Can America Learn from Shabbat?: Free Time for a Free People

(This article was published by The Nation, 1/01/01, and republished on 1/14/01 by

By Rabbi Arthur Waskow

Several years ago, I went to a folk song festival in Philadelphia. Many of the singers sang labor songs of the 1930s, civil rights songs of the 1960s, songs of many decades. The audience sang along, nostalgia strong in the air.

Then Charlie King began singing a song with the refrain, "What ever happened to the eight hour day? When did they take it away? . . . When did we give it away?"

And the audience roared with passion. Not nostalgia. This was our lives, not something from the past.

I was startled. Suddenly I saw that my own sense of overwork, of teetering on the edge of burnout, was not mine alone. Something was burning in the air.

I began to talk with others, especially with people whose religious and spiritual traditions call for some time to reflect, to be calm, to refrain from Doing and Making in order to Be and to Love. Out of those discussions has come an effort that brings Christians, Muslims, Buddhists, Jews, Unitarians, and some secular intellectuals together to redress the rhythms of work and family time, community time, spiritual time. Free time, and you free people.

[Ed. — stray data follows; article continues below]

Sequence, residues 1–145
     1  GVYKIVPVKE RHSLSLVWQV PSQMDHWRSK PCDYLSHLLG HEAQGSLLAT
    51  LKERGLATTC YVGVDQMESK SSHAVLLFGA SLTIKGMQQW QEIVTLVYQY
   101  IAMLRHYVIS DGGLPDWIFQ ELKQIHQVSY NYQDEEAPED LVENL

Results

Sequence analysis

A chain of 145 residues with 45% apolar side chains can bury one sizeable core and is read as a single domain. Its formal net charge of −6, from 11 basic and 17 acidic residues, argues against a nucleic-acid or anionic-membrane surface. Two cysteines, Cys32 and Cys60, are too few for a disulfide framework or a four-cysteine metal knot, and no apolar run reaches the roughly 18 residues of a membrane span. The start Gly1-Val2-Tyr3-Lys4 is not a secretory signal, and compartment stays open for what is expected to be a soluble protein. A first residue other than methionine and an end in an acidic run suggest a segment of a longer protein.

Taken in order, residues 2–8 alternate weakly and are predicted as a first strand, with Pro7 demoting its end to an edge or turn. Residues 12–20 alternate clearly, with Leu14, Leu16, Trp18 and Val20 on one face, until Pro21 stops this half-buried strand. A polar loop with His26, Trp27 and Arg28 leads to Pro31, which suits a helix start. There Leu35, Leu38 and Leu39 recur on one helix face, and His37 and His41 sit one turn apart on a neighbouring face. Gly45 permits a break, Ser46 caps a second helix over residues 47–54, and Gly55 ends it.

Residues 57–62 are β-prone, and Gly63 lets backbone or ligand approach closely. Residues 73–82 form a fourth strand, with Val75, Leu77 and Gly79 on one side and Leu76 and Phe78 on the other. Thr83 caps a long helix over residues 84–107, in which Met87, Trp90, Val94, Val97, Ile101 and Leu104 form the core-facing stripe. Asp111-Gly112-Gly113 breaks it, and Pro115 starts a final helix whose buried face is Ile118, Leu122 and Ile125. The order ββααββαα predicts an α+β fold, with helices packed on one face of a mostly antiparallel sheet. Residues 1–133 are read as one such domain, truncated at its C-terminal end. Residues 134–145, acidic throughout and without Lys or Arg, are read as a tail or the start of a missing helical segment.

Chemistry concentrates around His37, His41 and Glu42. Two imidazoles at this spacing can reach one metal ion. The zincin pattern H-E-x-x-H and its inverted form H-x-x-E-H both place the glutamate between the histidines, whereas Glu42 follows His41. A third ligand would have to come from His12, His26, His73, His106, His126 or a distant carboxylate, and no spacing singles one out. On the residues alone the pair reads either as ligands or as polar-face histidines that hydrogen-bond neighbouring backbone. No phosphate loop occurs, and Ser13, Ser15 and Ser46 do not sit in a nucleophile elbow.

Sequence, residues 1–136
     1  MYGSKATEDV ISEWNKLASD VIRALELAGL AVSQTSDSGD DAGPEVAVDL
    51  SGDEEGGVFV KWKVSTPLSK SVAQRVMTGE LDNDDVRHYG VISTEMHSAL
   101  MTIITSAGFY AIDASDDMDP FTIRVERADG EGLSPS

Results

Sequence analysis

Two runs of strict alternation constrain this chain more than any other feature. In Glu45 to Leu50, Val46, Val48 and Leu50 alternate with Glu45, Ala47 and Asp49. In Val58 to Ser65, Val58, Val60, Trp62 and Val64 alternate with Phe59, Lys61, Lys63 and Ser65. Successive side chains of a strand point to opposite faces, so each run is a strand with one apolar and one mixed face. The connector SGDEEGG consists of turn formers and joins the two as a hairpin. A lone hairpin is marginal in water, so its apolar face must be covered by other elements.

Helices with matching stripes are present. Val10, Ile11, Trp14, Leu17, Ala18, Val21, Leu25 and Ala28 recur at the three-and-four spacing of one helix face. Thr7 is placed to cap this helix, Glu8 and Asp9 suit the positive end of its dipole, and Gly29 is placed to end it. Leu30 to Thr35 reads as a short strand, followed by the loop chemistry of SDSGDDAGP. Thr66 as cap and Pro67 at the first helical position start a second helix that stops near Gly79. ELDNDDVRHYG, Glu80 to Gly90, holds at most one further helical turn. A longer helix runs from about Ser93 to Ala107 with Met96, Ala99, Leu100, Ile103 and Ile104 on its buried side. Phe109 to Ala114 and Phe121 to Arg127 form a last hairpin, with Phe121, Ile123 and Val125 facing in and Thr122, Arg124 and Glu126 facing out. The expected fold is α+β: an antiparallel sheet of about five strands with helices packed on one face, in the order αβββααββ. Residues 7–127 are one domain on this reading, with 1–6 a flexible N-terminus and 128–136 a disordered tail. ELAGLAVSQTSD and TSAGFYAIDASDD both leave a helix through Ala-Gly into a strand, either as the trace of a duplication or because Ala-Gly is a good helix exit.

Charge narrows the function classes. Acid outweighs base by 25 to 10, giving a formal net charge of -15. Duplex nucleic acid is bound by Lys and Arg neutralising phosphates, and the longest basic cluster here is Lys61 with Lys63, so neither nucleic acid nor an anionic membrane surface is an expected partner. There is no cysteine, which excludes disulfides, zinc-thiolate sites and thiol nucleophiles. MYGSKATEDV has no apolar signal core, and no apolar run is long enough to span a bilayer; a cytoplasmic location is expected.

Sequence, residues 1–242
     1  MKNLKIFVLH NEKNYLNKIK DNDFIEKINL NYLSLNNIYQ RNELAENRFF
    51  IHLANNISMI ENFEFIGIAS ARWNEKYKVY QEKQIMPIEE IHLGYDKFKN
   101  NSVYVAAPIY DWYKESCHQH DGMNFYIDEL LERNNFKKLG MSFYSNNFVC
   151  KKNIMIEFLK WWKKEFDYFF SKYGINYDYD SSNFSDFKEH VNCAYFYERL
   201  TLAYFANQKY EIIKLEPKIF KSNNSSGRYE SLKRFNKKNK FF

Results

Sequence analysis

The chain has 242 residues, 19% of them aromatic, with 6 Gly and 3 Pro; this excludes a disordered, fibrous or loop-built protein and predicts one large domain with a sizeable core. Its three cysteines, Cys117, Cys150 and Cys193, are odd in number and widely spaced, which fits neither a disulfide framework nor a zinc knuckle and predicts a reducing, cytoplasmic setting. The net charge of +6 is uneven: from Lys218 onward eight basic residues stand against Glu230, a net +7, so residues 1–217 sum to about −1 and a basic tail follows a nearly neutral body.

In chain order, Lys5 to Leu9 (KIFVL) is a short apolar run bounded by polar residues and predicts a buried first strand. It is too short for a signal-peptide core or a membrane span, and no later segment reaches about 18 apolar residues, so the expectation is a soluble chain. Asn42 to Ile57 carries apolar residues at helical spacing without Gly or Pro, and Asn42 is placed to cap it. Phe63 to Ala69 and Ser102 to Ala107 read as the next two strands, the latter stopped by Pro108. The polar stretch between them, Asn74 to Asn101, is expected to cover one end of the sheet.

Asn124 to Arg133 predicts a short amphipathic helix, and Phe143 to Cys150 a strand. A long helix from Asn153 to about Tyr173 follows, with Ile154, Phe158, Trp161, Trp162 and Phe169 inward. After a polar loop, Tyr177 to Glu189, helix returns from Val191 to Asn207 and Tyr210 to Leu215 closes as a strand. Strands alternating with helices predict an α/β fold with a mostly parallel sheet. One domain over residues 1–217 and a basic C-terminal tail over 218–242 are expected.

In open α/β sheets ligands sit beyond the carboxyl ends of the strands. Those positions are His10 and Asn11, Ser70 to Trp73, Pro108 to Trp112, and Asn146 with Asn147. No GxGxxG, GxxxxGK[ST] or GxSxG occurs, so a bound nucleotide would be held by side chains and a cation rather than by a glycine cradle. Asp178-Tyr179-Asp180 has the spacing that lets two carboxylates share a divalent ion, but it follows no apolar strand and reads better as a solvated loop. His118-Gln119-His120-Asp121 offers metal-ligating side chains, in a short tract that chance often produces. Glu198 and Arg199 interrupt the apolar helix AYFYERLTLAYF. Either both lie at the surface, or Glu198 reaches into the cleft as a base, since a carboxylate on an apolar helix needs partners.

Free time. Not just through the ancient practice of Shabbat — but also through new ways, fitting to an industrial/ informational economy, of pausing from overwork and overstress.

But that gets ahead of the story. What did we find when we began exploring America from this angle of vision?

Juliet Schor of Harvard wrote a book about The Overworked Americans. She showed that the promise made to us thirty years ago — that the new computer technology would give us more leisure time — had been betrayed. Most Americans work longer hours, under more tension, than they had one generation ago.

Other studies followed. Some of them pointed out the increase in temporary workers, part-time workers, suggesting Schor was mistaken. But it has become clear that "underwork" and "overwork" are in fact closely related. Corporations that seek to keep workers "part-time and "temporary" so as to pay them less and avoid providing medical or pension benefits drive workers into finding extra jobs, just to keep hanging on by their fingertips to a barely adequate income. The underwork breeds overwork.

Some blue-collar workers are shanghaied into compulsory overtime, a seventy-hour week. Their bosses would rather pay them extra than add new workers with medical benefits and Social Security. They lose touch with their kids — but they can't say no.

In many cases, "down-sizing" (that neat euphemism) leaves fewer workers to carry out the same amount of work — and the remaining jobholders work longer under pressure to get the job done. The fear that they will be the next workers "downsized" helps spur them into overwork.

And conversely, the overwork of some — 12-hour days, 60-hour weeks — reduces the numbers and the quality of jobs that are available to others. Overwork breeds disemployment.

It is not just poor people or blue-collar workers on wage/hour status who get forced into overwork. Myriad are the middle-class social workers trying desperately to keep up with a growing case load by working twelve-hours days.

Many are the wealthy lawyers whose law firms expect them to bill 60 or 70 hours a week — or get shuffled away.